NASHVILLE (TSU News Service) – Since arriving to Tennessee State University in 2009, Dr. S. Keith Hargrove, Dean of the College of Engineering, has remained focused on growing the College of Engineering in research activities, student achievement and resource development to contribute to the needs of the state of Tennessee to produce more engineers.
As an alumnus of TSU in mechanical engineering, he has worked in industry and as a researcher at three major federal research laboratories. He decided to pursue a career in academia to continue to impact and grow the number of underrepresented groups in STEM (science, technology, engineering, mathematics) occupations, such as engineering. As the state of Tennessee struggles to attract and produce more STEM professionals to grow a more educated workforce, he believes academic institutions must continue to play a major and strategic role to meet this urgent and important economic challenge.
Recently, Dean Hargrove discussed the mission of the College, its future and how it serves the community and the state.
TSU News Service: How old is the College of Engineering?
Dean Hargrove: The Division of Engineering was established in 1948, and has emerged for more than half a century to include several engineering and technology programs. It was changed to a School of Engineering in 1951, and graduated its first student in Civil Engineering a few years later. The School of Engineering was one of six original engineering programs established at an HBCU (Historically Black College & University). The school later added electrical, mechanical and architectural engineering. In some respects, our engineering program represents the historical significance of the founding of TSU as “Tennessee Agricultural & Industrial State Normal College”.
TSU News Service: What are the current programs in the College of Engineering?
Dean Hargrove: The College of Engineering now has four accredited engineering programs that offer Bachelor of Science degrees: Architectural, Civil, Electrical and Mechanical Engineering. We have the only accredited engineering programs at a public university in Middle Tennessee. We also have an accredited program in Computer Science, Aeronautical & Industrial Technology, and recently added Mathematical Sciences. The college provides a graduate degree for working professionals (Master of Engineering), and the Master of Science, and unique PhD degree in Computer & Information Systems Engineering (CISE). This program helps prepare graduates for careers in systems engineering with the defense industry and the IT field.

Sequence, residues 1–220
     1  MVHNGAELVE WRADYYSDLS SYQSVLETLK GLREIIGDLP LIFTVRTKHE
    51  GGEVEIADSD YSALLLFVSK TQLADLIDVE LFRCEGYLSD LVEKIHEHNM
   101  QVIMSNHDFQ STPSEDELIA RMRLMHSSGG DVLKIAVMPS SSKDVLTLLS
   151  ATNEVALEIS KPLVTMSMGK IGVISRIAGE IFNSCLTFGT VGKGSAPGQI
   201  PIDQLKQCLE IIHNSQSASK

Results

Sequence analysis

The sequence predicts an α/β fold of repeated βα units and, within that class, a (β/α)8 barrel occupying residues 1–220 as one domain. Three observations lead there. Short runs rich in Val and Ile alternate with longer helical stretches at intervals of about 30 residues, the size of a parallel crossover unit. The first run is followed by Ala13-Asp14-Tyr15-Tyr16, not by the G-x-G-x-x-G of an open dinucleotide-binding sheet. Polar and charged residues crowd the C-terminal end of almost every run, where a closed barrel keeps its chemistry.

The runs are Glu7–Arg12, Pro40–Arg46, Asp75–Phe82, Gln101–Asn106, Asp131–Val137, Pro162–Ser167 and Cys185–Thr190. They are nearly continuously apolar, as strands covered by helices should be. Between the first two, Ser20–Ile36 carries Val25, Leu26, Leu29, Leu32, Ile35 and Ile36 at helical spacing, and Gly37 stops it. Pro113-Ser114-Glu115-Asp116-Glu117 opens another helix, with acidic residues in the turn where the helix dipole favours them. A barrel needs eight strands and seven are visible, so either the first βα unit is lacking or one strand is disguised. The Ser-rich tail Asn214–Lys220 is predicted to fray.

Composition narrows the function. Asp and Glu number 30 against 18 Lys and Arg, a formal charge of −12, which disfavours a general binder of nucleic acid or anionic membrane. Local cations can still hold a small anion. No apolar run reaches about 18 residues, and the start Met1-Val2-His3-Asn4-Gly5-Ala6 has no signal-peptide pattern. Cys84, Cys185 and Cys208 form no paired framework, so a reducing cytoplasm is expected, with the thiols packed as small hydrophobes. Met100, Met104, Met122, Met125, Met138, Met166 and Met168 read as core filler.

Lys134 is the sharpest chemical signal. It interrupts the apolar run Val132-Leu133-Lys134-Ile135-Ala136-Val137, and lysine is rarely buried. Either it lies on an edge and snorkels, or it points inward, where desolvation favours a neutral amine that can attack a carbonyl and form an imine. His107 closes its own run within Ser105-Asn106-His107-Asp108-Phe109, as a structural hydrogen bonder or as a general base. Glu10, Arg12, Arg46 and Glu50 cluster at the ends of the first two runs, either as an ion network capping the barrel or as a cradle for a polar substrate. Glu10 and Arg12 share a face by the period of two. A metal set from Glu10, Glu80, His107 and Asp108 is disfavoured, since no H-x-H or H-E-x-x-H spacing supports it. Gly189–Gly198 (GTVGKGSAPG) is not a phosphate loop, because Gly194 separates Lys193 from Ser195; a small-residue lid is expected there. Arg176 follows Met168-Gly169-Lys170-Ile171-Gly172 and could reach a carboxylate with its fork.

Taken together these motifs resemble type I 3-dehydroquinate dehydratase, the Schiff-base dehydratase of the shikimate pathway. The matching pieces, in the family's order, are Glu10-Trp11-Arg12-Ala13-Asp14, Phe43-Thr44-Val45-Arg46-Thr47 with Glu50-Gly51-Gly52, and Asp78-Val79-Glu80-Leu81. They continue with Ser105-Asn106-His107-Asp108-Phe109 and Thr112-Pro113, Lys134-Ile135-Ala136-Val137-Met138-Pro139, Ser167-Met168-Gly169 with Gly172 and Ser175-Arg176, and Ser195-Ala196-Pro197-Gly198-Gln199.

TSU News Service: What kind of research initiatives is the College pursuing?
Dean Hargrove: The College of Engineering has been engaged in several emerging research areas. More specifically, with recent research grants and contracts in cyber-security with the Air Force and the Department of Homeland Security, we are developing solutions relative to detecting cyber attacks within the cloud environment, and with mobile phones. Other research is being conducted in sensor networking, robotics, intelligent health monitoring, transportation systems, environmental remediation, and aircraft seat design with organizations such as Boeing, Army Research Laboratory, EPA, Rolls Royce, and the Tennessee Department of Transportation. Our research activities enhance our undergraduate programs via laboratories and faculty expertise. We recently opened a new laboratory to focus on research themes promoted by the National Academy of Engineering and supported by the National Science Foundation.
TSU News Service: How is the College involved in the community?
Dean Hargrove: TSU has a long history of community service and civic engagement. In fact, it is part of our motto “Think – Work – Serve”. The College of Engineering is collaborating with the Pencil Foundation to support schools such as Stratford Magnet STEM High School. We are assisting them with the development of a simulation and gaming laboratory, and working with the middle school STEM Preparatory Academy (charter school) to help with tutoring and mentoring students. We are also part of the Go-Green Nashville Initiative to promote energy efficient homes, and Hands-On Nashville.
TSU News Service: What are the future goals for the College?
Dean Hargrove: Our goals are consistent with the strategic initiatives of Tennessee State University. We want to continue to provide access to students from diverse communities, promote academic quality, enhance our research funding that complements our curriculum, and be engaged with improving our quality of life. The College also promotes gaining a global education with its study abroad program. We had several students go to China, Korea and Germany during this past summer. We also want to expand our facilities in the future to increase enrollment and partnerships with local businesses and other academic institutions. As employment opportunities grow in healthcare, Information Technology, and manufacturing in the automotive industry, we plan to continue to prepare graduates with the necessary skills in programming, critical thinking, and innovative technologies to help industry grow within the state and make them more business competitive. It is also critical that we continue to support the state’s STEM Initiatives in K12 and higher education.